The world’s gliding mammals are an extraordinary group of animals that have the ability to glide from tree to tree with seemingly effortless grace. There are more than 60 species of gliding mammals including the flying squirrels from Europe and North America, the scaly-tailed flying squirrels from central Africa and the gliding possums of Australia and New Guinea.
Description: A larger glider, especially for the genus Petinomys, somewhat resembling the Basilan Flying Squirrel but much larger and darker, with a rounder non-flattened tail. Its upper parts are grizzled chestnut-brown, with many hairs tipped with blackish, especially along the middle of its back.
The sides of face and neck are buff-brown, with many hairs black or brownish-black at the tip, and slate-grey at the base. Its ears are very small, with brownish tips, the inner surface for the most part naked, except for a few fine hairs. The tips of its ears are naked on the outside at the top, but well furred towards the base.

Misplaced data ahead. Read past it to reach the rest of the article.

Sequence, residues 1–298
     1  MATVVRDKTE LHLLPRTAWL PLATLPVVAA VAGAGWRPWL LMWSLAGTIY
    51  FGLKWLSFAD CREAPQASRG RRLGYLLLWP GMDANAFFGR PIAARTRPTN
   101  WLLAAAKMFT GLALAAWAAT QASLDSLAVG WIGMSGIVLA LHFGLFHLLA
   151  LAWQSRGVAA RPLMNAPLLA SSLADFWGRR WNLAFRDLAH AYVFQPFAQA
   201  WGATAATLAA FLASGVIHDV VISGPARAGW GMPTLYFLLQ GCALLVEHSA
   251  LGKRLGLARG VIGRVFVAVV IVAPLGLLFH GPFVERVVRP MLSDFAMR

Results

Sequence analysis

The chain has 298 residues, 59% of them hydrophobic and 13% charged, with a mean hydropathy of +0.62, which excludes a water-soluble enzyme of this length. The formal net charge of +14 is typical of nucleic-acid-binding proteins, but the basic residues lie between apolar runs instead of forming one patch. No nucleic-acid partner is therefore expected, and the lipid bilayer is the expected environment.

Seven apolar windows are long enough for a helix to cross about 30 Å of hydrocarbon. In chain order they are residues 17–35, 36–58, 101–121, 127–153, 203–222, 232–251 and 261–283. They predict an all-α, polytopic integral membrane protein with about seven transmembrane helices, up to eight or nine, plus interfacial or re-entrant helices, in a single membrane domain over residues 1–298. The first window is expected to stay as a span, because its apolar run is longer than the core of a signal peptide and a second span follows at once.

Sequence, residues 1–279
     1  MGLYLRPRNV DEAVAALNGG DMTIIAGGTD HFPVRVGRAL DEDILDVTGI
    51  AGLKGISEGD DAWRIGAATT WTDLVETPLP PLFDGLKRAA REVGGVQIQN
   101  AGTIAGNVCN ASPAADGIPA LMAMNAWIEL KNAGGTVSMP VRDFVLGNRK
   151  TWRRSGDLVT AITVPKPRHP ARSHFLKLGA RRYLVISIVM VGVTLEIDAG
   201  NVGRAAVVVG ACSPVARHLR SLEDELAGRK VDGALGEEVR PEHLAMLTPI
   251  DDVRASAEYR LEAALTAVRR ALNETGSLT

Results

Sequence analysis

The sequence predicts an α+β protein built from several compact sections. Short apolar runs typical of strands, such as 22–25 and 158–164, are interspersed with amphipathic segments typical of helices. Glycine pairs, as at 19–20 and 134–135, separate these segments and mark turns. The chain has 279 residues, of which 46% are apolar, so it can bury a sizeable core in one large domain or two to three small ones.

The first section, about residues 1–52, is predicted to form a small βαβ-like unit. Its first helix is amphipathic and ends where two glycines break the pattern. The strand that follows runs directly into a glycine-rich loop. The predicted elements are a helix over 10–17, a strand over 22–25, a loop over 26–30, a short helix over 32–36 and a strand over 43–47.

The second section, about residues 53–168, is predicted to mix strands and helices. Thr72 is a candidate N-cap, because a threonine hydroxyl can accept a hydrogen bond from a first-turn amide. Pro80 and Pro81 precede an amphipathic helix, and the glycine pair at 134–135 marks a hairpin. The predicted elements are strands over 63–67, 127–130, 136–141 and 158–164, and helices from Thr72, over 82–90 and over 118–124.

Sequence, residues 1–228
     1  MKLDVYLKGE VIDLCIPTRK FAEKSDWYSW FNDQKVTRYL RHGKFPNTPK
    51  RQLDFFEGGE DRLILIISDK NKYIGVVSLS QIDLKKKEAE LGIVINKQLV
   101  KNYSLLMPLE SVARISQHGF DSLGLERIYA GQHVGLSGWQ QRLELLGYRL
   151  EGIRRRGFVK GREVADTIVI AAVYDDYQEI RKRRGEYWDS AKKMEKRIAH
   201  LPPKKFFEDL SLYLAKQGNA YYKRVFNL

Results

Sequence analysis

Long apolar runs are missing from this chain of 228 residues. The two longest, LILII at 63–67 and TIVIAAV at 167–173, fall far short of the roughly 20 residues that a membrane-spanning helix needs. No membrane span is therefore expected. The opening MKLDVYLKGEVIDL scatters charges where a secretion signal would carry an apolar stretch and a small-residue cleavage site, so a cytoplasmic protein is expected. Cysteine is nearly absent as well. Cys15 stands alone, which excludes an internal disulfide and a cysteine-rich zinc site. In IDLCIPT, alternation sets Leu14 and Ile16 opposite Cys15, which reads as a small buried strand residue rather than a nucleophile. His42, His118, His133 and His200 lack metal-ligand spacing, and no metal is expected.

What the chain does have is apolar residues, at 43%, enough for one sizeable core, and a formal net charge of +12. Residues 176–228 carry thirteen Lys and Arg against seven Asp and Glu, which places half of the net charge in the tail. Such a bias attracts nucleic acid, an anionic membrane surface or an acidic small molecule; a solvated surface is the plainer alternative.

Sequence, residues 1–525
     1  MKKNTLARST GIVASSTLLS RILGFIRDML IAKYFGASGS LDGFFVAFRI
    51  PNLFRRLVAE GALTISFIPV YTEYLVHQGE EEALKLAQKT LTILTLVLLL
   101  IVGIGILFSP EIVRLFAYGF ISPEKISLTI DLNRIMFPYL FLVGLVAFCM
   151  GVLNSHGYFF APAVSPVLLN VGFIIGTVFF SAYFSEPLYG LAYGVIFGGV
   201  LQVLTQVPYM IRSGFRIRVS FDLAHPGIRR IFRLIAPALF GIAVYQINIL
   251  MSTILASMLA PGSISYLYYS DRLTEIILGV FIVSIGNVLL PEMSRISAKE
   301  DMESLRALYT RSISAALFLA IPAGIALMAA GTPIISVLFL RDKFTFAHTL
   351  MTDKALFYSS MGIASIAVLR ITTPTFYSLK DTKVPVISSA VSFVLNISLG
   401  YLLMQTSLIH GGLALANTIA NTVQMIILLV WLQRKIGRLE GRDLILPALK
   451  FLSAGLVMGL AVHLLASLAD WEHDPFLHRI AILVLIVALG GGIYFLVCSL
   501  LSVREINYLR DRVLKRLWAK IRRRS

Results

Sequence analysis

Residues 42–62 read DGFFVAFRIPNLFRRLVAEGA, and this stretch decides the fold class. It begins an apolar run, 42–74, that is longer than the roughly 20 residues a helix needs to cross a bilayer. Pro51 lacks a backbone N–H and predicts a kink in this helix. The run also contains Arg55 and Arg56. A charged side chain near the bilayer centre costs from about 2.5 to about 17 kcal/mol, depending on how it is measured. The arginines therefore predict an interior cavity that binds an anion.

There are three prominent long tufts of fur projecting from ear conch, one from below and one from each side, the anterior tuft tending to fuse imperceptibly with that below. It has a prominent, roughly crescent-shaped blackish collar, with long fur, slateblack at tips and slate-grey at base, with under-fur same as in surrounding regions extending from beyond its ears. The edge of its gliding membrane has a fringe of very fine dense fur. Its tail is somewhat flattened. Its upper and lower lips are blackish-brown, its cheeks are buff-brown, and its throat is buff.
Distribution: Occurs only on Dinagat, Siargao and Mindanao islands in the Philippines.
Reproduction: Nothing is known.
Diet: Nothing is known.
Ecology: Nothing is known.
Status: Least Concern.
Note: It has previously been considered to be the same species as the Basilan Flying Squirrel, however it now is recognised as a distinct species.
|HF||c. 70 mm|